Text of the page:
BIO BIO, Chile
Leaning on a network of growers he built during his days as a technical advisor, Gustavo Martinez has assembled a constellation of supremely cool vineyards. Gustavo’s got an echo of Swick Wines logic: distinctive but consistent cellar work in the service of highlighting the special particularities of place and grape. Gustavo plays with what he calls his ‘pipeño method,’ a flirty riff on the kind of cellar work he learned working 2 years with Luyt that combines traditional Zaranda hand-destemmers with steel tanks and French oak barrels. His low abv, highly crushable wines fit squarely into that coveted middle ground: clearly natural and unfiltered but hardly so blasting that newcomers get left in the dust.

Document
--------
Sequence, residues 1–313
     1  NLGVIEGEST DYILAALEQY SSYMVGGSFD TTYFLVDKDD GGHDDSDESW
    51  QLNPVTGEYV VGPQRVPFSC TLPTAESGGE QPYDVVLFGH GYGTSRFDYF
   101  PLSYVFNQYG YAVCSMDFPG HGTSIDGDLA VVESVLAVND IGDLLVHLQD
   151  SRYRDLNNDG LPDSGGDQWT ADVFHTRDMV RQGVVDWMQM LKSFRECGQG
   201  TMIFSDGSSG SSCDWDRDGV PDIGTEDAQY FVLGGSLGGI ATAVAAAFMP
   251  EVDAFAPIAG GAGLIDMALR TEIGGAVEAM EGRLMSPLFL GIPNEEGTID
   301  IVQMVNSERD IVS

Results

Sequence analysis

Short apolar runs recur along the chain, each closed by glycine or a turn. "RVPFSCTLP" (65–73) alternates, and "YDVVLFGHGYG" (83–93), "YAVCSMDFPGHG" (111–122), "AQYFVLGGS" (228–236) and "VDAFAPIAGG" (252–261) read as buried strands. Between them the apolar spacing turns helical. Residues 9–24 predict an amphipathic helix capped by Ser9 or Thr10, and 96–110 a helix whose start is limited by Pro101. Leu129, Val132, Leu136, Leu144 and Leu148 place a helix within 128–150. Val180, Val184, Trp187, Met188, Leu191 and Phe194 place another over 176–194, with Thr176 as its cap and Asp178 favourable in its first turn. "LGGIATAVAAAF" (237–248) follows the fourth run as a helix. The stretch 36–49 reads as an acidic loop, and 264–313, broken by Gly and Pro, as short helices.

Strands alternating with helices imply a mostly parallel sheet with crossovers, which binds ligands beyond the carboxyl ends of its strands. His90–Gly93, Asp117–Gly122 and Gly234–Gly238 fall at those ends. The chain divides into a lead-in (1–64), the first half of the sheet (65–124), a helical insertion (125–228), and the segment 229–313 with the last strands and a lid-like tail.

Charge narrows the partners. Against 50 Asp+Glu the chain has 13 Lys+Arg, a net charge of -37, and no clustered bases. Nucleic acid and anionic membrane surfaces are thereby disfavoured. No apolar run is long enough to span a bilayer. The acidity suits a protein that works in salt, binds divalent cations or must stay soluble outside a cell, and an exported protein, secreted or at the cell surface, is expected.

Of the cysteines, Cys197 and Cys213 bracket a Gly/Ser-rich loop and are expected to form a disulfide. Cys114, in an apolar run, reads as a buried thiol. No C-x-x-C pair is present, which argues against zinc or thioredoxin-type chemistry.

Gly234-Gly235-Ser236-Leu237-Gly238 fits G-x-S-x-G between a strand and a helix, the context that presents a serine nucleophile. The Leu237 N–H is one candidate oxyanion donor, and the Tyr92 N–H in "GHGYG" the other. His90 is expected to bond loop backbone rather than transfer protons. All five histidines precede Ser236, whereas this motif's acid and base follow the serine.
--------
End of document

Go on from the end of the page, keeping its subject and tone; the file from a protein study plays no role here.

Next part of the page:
Hand desemmed, skin fermented Moscatel aged in steel and then a pass through barrel. Sure it’s technically orange wine but this is definitely more in that ‘enriched white wine’ category. Salty, bright and not as aromatically pushy as Moscatel often is.
Chasselas, called ‘Corinto’ locally, destemmed and skin fermented then macerated for seven months. This cloudy, charming wine is zippy and marine with a nifty structural balance owing to the nature of the grape and that 7 months of maceration.
Cinsault made just like the other wines but with a little more umph and structure.
EL CÁRMEN DE CUCHACUCHA
Ok so there’s old vine and then there’s this… Historic records place these vines back to at least the 17th century and there’s evidence to suggest they’re even older. Located right down the way from some of the earliest Spanish settlements in Chile, these could well be 400-500 year old vines. Astounding. Moreso, the wine is almost in glou glou territory but with even more imagination.